Cooking with Carter: Blueberry Muffins

Some days are just exceptionally wonderful.  They begin with your child sleeping until 10:00 then waking up and proclaiming, “I want to make blueberry muffins for breakfast.”  So, we printed our recipe, tossed out some ingredients and dove right in.  I’m sure you don’t want need me to say how easy and healthful it is to make your own muffins and how many bad, bad things are in box muffin mix.  I mean, you may as well have a candy bar for breakfast.  Moving on.

Here’s the original recipe.  Here’s our fun with it:

We started with the part where Carter hides in his room with the door closed while I process the oatmeal into a fine meal.  He can’t. stand. the sound of the food processor.  Once the unpleasantness is over, he pops right back in.

Carter helps measure out and mix together the dry ingredients: oats, 2 flours, salt, cinnamon, baking powder, baking soda and brown sugar.

Then the wet ingredients are mixed in a seperate bowl: buttermilk, canola oil, eggs and lemon zest.  Make a well in the middle of the dry ingredients and then stir, stir, stir the wet stuff in.

Last comes the much anticipated blueberries.  This recipe came with a great little trick: toss the frozen blueberries with some flour to keep them from coloring the batter all blue.  It worked like a charm.

Pour them in your own Lightning McQueen baking cups and sprinkle a little sugar over the top.  Wait 20 minutes and then you get to do this:

Yu-um-y.  They are pretty fantastic.  Because of the ultra-hearty ingredients, 2 of these will do you for about 4 hours.  Seriously.

Enjoy and thanks for your comments!


Cooking with Carter: Cheese Crackers

I am a self-proclaimed crazy person when it comes to what I put into my and my family’s bodies.  I enjoy reading about the good and not-so-good in the food world right now.  As a total side note, I do not like the things that I’m reading about artificial colorings, high fructose corn syrup and certain preservatives.  Though I’ve been in different places on the healthy eating spectrum, I do my best to keep us in the “Good For You” corner.  To me, food should resemble what it looked like when it was harvested and not have been messed around with too much before I eat it.  I prefer to be able to pronounce and understand the ingredients on the side of a box or bag.  That’s just me.  *stepping down from soap box now*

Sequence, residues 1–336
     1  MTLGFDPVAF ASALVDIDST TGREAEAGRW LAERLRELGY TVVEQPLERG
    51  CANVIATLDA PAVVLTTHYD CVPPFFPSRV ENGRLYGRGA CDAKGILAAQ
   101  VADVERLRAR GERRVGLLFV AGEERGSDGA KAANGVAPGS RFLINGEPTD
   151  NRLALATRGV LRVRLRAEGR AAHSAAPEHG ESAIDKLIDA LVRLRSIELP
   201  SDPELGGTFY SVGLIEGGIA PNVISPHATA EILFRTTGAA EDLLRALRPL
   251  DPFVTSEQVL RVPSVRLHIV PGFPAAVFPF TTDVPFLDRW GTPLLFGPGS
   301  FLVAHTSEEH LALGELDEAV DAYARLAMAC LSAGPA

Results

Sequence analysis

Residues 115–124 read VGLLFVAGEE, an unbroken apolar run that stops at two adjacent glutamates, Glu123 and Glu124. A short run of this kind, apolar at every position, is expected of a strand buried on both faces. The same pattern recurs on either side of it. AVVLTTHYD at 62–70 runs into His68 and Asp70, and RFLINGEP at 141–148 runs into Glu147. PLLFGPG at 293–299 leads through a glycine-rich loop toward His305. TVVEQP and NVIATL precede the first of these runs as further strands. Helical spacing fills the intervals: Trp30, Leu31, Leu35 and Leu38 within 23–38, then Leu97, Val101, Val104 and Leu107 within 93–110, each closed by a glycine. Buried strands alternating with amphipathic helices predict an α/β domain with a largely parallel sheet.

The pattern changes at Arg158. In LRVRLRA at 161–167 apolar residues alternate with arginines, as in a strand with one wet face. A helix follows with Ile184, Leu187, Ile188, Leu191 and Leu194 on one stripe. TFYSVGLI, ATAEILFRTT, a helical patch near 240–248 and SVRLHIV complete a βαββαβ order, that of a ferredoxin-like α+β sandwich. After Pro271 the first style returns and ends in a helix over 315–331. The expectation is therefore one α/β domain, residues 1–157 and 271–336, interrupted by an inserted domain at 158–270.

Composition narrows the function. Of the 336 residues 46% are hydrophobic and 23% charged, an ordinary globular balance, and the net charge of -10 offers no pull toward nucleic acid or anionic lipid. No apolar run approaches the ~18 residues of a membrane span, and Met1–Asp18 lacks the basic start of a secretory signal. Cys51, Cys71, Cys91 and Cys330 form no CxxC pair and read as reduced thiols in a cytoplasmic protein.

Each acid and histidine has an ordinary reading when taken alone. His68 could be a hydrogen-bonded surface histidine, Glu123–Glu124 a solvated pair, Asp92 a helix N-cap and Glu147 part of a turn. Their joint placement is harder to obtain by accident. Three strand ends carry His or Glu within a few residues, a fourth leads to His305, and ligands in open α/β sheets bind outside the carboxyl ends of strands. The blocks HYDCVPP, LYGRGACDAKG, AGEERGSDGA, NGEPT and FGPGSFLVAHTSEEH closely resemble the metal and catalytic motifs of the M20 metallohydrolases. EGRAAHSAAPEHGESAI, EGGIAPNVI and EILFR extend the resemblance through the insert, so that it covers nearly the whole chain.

I really enjoy finding something that I love and trying to duplicate it at home in a less-processed way.  And, Carter is always a great help in the kitchen.

|Some of my favorites:  Homemade Waffles, NY Style Bagels with flavored cream cheeses and Pumpkin Cupcakes.  The bagels are a bit of a challenge, but SO worth it.  The other two are so easy and delicious, WHY would you buy a mix?!?!|

Last night my husband decided to go a little crazy making home fries, and I needed something special to pull out of my hat to keep Carter away from the mandolin slicer and the hot oil.  My solution: Homemade Goldfish Crackers, shaped like flowers for Spring.  Let me just say that I should have tripled the batch because I wanted to eat them all myself as soon as they cooled.

They were super easy: only a few ingredients:

The Ingredients

There were plenty of opportunities for a three-year old to get right in there and help.  He helped measure and add ingredients.  I offered to let him push the button on the food processor, but it was so loud, he opted to leave the room.  And, he cut the shapes and placed them on the parchment paper.

Adding ingredients

Cutting out the crackers

His anticipation was so cute!  I think he may have watched them cook for the entire 12 minutes.

C'mon, bake!

They were oh so yummy!  I’ve got to find one of those mini goldfish cutters for the next time…and there will be a next time.

Enjoy and thanks for your comments!

Cutting with Scissors

Cutting with Scissors

Carter is 3 years, 3 months old.

You will need:

Pair of scissors
8 ½ X 11 sheet of stiff paper
Container for the clippings


BEFORE YOU BEGIN: Cut the paper into 5 strips, widthwise. Mark a straight line down the center of each strip. Put them in the container with the scissors.

1.         Pick up the scissors and show your child how to hold them. Demonstrate the open and closing action of the scissors.

2.         Show your child how to cut slowly, following the line.

3.         Move the paper along while you are cutting to show how this helps with the cutting process.  Exaggerate the open and closing process.

4.         Put the scissors back into the container and invite your child to try.

Conclusion:  Carter is not an experienced cutter.  When he was younger, I taught him how to tear paper to make collages.  Since then he’s had no interest in scissors.  This has been FINE with me.  I credit it to his not having chopped off any locks of hair to this point.  But, I know that it’s important and must be learned.  The photos above do no justice for just how LONG it took him to cut one single piece.  I took a short video of the end of the process just so you can see.

At what age did you teach your child to start using scissors?  Did you have any scissor disasters?

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